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Pseudomonas in Cottage Cheese and Dairy

Under refrigerated conditions, Gram-negative rods that are ableto produce under such conditions ( psychrotrophic/cold-lovingbacteria ) usually predominate, especially Pseudomonas spp.


This is especially so when the milk has a high initial infectionof these bacteria and the milk is stored for 2-4 days beforepasteurization - which is often the case these days, where milkis mostly being picked up from farms every second day only.


This deterioration also often influences the final products madefrom such milk, because although bacteria will mostly be killedby pasteurization, some produce exo-enzymes that survivepasteurization and even the UHT (Ultra High Temperature/LongLife) process in some cases.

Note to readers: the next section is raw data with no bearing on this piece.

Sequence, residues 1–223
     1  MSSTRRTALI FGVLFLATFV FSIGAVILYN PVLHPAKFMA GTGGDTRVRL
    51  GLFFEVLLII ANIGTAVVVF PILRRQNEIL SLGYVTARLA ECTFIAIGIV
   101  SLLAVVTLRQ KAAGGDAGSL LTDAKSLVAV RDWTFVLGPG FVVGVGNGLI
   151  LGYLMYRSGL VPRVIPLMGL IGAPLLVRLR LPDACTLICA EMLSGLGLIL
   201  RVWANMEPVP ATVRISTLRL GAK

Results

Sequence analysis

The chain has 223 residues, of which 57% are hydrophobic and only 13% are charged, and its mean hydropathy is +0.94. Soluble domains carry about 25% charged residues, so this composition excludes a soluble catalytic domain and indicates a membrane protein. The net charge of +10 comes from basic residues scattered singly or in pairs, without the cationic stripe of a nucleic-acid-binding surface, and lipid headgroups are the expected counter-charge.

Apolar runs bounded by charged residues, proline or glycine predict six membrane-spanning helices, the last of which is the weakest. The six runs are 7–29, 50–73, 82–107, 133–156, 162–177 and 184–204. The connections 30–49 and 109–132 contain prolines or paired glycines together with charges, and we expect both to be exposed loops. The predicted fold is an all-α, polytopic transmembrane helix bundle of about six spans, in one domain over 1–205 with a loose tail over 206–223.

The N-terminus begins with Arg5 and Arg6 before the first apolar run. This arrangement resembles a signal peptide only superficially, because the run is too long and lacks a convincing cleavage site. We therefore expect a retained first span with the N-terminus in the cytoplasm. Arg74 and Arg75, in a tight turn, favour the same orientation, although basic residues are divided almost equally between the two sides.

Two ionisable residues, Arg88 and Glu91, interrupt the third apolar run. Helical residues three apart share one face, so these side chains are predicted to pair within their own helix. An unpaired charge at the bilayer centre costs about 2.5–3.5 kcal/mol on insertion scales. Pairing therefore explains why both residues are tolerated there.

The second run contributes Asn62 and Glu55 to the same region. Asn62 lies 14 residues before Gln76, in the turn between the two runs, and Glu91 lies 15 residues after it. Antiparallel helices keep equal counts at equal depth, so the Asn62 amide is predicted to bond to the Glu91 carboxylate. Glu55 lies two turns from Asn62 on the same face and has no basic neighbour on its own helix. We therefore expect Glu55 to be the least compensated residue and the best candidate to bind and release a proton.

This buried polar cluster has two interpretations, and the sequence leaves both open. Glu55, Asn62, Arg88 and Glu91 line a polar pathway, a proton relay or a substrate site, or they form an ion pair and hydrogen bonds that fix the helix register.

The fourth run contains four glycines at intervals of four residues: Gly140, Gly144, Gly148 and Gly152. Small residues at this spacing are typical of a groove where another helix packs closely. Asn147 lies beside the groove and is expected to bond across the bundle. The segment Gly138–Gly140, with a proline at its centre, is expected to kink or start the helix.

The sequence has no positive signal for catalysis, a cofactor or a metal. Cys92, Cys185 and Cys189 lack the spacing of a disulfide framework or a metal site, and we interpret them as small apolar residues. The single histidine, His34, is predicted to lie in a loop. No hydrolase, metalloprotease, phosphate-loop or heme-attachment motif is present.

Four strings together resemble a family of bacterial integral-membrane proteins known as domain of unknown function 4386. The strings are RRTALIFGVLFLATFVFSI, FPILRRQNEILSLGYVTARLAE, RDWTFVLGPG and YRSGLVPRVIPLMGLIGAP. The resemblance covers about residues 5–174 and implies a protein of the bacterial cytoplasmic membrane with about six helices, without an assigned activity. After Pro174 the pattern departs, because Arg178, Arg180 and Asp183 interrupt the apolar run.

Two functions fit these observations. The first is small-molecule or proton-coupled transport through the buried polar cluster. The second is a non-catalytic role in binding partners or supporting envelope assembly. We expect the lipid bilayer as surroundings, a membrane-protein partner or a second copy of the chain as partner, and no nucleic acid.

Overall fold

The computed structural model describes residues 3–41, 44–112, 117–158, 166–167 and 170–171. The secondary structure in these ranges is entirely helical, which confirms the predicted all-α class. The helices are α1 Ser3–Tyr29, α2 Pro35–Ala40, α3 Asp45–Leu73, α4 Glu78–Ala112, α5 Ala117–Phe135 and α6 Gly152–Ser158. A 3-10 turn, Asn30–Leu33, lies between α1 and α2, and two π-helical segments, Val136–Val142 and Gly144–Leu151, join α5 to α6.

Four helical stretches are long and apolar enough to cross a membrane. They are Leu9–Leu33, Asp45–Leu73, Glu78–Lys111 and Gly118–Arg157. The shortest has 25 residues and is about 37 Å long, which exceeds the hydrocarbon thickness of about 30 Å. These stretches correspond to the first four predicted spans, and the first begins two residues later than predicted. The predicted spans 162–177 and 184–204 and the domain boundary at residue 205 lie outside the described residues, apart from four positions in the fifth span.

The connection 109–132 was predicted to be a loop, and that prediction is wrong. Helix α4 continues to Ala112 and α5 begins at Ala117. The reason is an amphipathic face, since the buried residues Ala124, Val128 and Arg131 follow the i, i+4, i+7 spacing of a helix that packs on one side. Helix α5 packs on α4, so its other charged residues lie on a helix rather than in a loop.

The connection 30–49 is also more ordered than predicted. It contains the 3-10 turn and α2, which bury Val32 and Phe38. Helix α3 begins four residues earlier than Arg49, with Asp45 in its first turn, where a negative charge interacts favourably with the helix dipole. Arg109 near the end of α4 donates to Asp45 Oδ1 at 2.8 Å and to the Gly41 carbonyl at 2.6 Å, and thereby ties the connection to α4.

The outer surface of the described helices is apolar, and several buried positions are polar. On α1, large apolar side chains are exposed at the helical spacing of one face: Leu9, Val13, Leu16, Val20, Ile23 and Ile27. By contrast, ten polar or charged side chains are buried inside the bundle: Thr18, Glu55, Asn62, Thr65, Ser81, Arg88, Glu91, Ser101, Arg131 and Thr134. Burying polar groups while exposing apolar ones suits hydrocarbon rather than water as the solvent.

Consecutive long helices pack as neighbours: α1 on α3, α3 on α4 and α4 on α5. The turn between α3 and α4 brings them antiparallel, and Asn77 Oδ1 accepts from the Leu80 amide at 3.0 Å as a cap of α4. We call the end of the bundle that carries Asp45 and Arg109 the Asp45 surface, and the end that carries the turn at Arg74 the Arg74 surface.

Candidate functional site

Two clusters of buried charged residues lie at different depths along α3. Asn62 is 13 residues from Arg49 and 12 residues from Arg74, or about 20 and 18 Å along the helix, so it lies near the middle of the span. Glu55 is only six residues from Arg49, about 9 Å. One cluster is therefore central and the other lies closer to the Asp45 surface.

An example of Pseudomonas attacking dairy products happen a lotwith cottage cheese. Pseudomonades are widely distributed andaerobic. They tend not to need much carbohydrate, which helpthem a lot in attacking cottage cheese, because most of thelactose has been removed in the cheese making process. They livevery well on high-protein foods like cottage cheese producingslime, pigments and odours. They also prefer high water activity( high moisture), which makes cottage cheese pretty much theideal food considering everything that has been said.


Many Pseudomonas spp. are psychrotrophic ( cold-loving )bacteria although they will grow a lot faster from 15 degreesCelsius to temperate.


Thus a temperature shock during transport for example will givethem a big boost - to cause even more destruction.


About the author:
Leon the Milkman is the owner of http://www.LeontheMilkman.com and http://www.dairy-info.org from where he gives a dairy dictionary and cheese tasting terms guide to new members.


Source: www.articledashboard.com